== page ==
Does your child with autism cry or begin to have a tantrum when a routine needs to be altered? Do you want to teach your child to remain calm and flexible when things don’t go as planned? It is common for a child with autism to want to keep the same routine, but sometimes things change! Here are some tips that may be helpful for teaching your child to become more flexible.
It’s important to note that the skill of remaining calm when routines change is unlikely to be acquired overnight. Teaching a child to display flexibility when routines change requires patience and planning.
Categorize changes that you can make to the child’s routine based on how likely it is that the child will remain calm when he is asked to modify his routine. For example, you can categorize changes as “minor changes,” “moderate changes,” or “major changes.”
Start With Minor Changes
Start by making a minor change to the child’s routine. This change should have little impact on the child and cause him minimal to no irritation. The goal is to teach the child that changes may occur, that it is ok when things change, and that positive outcomes can occur for remaining calm and flexible during these occasions. Some examples of minor changes may include having him sit in a different location while he is putting on his shoes (as he is getting ready to go outside to play) or having the child wait in a different location as you pour him his drink.
The child is likely to remain calm during minor changes such as those noted above. When he remains calm and flexible, praise him for doing so and consider giving him something extra as well (for example, his drink, allowing him to bring a favorite toy to the park, etc.). The goal is to show the learner that good things happen if he stays calm and remains flexible when his routine changes. Once he sees that there are benefits for staying calm when his routine changes, he will be more likely to remain calm in the future when things don’t go entirely as planned.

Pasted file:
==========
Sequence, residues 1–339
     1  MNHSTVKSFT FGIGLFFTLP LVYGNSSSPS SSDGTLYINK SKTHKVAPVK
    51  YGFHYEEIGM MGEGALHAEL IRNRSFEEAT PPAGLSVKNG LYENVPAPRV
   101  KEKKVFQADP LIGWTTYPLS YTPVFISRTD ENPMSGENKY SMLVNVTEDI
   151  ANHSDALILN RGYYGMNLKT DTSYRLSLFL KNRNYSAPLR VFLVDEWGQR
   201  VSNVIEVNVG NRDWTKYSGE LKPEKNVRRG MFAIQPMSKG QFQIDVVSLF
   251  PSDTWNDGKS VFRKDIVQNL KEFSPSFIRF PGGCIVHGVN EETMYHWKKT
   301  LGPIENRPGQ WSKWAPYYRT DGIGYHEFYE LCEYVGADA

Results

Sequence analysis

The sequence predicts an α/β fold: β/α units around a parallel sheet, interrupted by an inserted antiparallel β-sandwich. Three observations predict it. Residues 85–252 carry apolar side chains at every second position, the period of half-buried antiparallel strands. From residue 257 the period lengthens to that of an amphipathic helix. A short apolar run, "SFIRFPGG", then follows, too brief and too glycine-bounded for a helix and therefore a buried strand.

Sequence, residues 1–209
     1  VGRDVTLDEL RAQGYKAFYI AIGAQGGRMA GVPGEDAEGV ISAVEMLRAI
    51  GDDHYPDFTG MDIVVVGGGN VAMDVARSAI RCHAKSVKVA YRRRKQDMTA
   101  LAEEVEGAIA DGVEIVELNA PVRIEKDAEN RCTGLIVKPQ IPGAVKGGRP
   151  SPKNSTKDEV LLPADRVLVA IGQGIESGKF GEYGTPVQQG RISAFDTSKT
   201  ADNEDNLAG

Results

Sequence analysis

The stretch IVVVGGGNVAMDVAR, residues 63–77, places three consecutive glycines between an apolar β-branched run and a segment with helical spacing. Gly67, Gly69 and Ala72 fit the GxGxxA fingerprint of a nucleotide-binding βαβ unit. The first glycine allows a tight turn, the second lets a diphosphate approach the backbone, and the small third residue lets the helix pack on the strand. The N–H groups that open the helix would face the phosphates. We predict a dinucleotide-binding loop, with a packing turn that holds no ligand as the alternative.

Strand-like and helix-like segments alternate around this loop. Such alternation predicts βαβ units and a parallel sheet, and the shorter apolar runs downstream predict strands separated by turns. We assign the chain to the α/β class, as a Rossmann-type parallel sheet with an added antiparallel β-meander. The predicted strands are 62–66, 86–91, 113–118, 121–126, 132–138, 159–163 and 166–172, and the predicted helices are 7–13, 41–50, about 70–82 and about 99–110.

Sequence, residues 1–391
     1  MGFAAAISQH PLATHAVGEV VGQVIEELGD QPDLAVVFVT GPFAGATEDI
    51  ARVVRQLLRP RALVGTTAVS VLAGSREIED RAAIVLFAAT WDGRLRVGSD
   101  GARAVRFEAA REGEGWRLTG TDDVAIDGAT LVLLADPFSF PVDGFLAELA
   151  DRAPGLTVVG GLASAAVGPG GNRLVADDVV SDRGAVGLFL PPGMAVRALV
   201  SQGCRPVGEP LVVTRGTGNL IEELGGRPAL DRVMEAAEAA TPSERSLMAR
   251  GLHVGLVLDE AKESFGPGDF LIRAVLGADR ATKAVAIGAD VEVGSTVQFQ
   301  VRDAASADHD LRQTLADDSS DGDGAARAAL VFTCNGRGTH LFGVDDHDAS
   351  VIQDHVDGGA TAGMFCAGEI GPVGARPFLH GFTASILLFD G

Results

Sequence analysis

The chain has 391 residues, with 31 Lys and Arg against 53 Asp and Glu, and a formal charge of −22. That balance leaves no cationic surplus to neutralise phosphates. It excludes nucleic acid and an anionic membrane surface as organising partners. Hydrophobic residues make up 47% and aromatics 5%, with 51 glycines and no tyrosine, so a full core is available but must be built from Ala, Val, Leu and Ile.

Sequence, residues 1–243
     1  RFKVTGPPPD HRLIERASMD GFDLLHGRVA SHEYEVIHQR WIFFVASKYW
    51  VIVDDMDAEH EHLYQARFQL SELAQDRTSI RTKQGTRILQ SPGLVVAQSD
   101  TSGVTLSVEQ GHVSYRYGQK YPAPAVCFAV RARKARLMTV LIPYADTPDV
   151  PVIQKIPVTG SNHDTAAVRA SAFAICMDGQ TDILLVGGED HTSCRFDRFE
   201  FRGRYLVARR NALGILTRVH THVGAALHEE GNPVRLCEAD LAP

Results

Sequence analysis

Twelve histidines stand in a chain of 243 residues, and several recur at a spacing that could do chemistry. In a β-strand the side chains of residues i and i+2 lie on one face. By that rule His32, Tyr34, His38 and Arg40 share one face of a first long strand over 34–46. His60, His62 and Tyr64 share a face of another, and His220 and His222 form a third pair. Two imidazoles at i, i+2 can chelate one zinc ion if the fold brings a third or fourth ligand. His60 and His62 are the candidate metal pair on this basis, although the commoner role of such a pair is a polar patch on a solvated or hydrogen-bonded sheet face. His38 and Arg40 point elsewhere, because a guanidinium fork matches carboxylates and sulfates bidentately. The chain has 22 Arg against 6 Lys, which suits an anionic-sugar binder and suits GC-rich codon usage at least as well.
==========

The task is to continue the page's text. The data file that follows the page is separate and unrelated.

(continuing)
When the learner can consistently respond to several minor changes to his routine, the parent or instructor can introduce moderate changes to his routine. Please note that at this stage, it would still be unwise to “shoot for the moon” and ask the child to do something substantially different. Keep working your way up the ladder and eventually you’ll get to the top!
After the learner becomes more willing to remain calm and flexible with moderate changes, it may be possible to begin to introduce a major change to his routine. When attempting to introduce a major change to the child’s routine, consider using some prompts. For example, warn the learner that a major change is about to occur, remind him to remain calm when it does occur, and note what the outcome of his appropriate behavior will be. Make sure there are huge benefits for him for calmly going along with the change.Some moderate changes that might be introduced may include sitting in a different location at the dinner table, asking him to put his toys in a different location in his room, etc. The child’s behavior should guide how far and how fast you can add changes to his routine.
To summarize, teaching a child with autism to respond to changes to their routines may require a lot of patience and strategic planning. Start small and show the learner that being calm and flexible can result in good things. As the child develops this association, more changes, that may pose as more of a challenge to the learner, can be introduced. The child’s behavior can be a good guide!
For more information on how to address rigidities and other problem behaviors, we recommend the book, Success on the Spectrum: How to Teach Skills to Individuals with Autism for more details and information.
For additional autism education for parents and caregivers, view our products and ABA services listed at the top of this page.